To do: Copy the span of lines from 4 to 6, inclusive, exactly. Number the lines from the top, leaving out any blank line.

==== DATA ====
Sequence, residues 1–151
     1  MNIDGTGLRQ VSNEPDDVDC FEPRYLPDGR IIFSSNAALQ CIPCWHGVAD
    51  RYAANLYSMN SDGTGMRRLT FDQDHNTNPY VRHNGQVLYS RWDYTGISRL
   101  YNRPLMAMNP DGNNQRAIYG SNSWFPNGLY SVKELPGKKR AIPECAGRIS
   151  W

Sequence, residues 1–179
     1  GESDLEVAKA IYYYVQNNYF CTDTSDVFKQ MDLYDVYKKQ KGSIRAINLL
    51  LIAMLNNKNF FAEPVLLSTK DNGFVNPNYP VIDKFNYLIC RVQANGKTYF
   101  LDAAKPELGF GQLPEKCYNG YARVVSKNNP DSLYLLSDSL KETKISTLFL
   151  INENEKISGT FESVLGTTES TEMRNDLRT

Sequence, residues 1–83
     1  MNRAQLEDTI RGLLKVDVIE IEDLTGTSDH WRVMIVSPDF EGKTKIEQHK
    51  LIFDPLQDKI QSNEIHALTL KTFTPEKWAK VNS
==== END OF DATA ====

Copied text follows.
   101  YNRPLMAMNP DGNNQRAIYG SNSWFPNGLY SVKELPGKKR AIPECAGRIS
   151  W

Sequence, residues 1–179